(*) Jessica Simpson has covered a Patty Griffin song. Her album "A Public Affair" came out a few weeks ago, but I was too busy shuddering at Clay Aiken's bangs to pay it much attention. Thankfully, my friend Jenni was kind enough to bring this horror to light in her recent comment on the cover songs post.

I listened to a sample of Jessica's take on "Let Him Fly," which happens to be the first Patty Griffin song I ever heard (and so signaled the beginning of my relationship with one of my favorite artists.) It's not terrible, really, but it's just so wrong. No matter how pretty their voices, starlets whose careers are built on reality shows and trashy films of old TV shows should not be allowed to cover songs by legends of contemporary folk. What's next? Will Richard Hatch be covering Joan Armatrading?

(*) "Weird" Al Yankovic has a top ten album. That's right. Check the seventh paragraph of this story. His new album, "Straight Outta Lynwood," is a smash. Granted, in today's depressed market, selling 77,000 copies will get you higher on the charts than in the past, but it's still a notable feat.

And again... it's so wrong.

Now, I have nothing against Weird Al. Like many boys, I spent my elementary school years thinking he was a genius. I memorized every song on "Even Worse," up to and including "Stuck in a Closet With Vanna White."

But since when did 2006 become the year for Al to have his biggest hit? Wasn't "Eat It" his peak? Has the world gone mad?

(*) Prince has recorded a song for an animated movie about penguins. Called "Happy Feet."

And that film's soundtrack will also feature a Hugh Jackman-Nicole Kidman cover of his song "Kiss."

I'm not made of stone. The penguin on that poster is cute in a way that could make me insane. Hell, that movie might even be cute. But Prince? Sex-freak-Jehovah's-Witness-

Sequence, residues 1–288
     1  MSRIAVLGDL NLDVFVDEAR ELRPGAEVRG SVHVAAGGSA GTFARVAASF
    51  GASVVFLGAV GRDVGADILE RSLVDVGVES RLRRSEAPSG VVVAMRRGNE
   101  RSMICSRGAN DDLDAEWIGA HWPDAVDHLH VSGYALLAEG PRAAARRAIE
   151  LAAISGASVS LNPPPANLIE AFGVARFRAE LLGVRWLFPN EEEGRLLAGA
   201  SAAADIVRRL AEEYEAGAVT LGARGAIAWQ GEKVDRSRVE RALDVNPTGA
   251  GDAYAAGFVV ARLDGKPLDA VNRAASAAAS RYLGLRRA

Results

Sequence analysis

still-cool-after-all-these-years Prince? When did the most eccentric guy in pop--sorry Elton, it's true--get happy feet?

Oh... wait. Maybe the song is about penguins having sex. That would make sense.

Otherwise, the end times are nigh.


01 October 2006

Ludacris : My Heart Divided

Part One: I Love Ludacris

Do you guys remember the song "Welcome to Atlanta" by Ludacris and Jermaine Dupri? It came out in 2002, while I was still living large in the ATL, and there's a verse where J.D. gives me a shout out. Listing all the parties he hits during the week, he says, "Wednesday, I'm at Strokers on lean."

Let's parse that, shall we? "Lean" is a Dirty South cocktail that mixes codeine-fueled cough syrup with Sprite, usually served in a styrofoam cup. And Strokers is a strip club in Clarkston, a small Atlanta suburb that's OTP (or "Outside the Perimeter" of downtown.)

I know for a fact that Strokers is on Brockett Road. How? Because I used to live in the apartment complex that's right across the street. Dizzamn!

How awesome am I? I never actually went to Strokers, but if I had, I might have seen J.D. Therefore, it's like he's giving me props.***

Or better yet, Luda is. You may remember that I don't have much love for Jermaine Dupri, but I've always thought Ludacris was awesome.

In last week's New Yorker, Sasha Frere-Jones did an excellent job of summing up why. For all his bravado and dirty talk, she notes, he still comes across as vulnerable and human.

She notes the doubt in some of his lyrics, but I'd add itg's also because Ludacris is the rare rapper who doesn't take himself very seriously. In his videos, he almost always looks ridiculous. Remember "Stand Up," where we saw his giant-afroed head digitally imposed on a baby in diapers? No? Scroll to 2:45...

That shit is funny, and it makes Ludacris seem fun.

Part 2: But Should I?

But as Frere-Jones notes, Ludacris can also be obscenely misogynistic. His first top ten hit was called "Move Bitch," for God's sake.

I've been dancing, though, and I know how easy it is to ignore the degradation in hip-hop lyrics if the beat is good. However, there's always a part of my brain burning with the awareness that it's against my ethics to swerve to words that I find so personally offensive. I think a lot of people feel that way... we turn off our consciences as much as we can, but we know that the music making us wriggle is demeaning half the population of the planet. (And demeaning men, too. This type of song fosters the idea that we're all sex-crazed fiends.)

Yet we party on. Or at least I do.

I guess that makes likeable Ludacris my truest guilty pleasure.

***I ackowledge that no one has given anyone props since 1996. I ran out of slangy synonyms.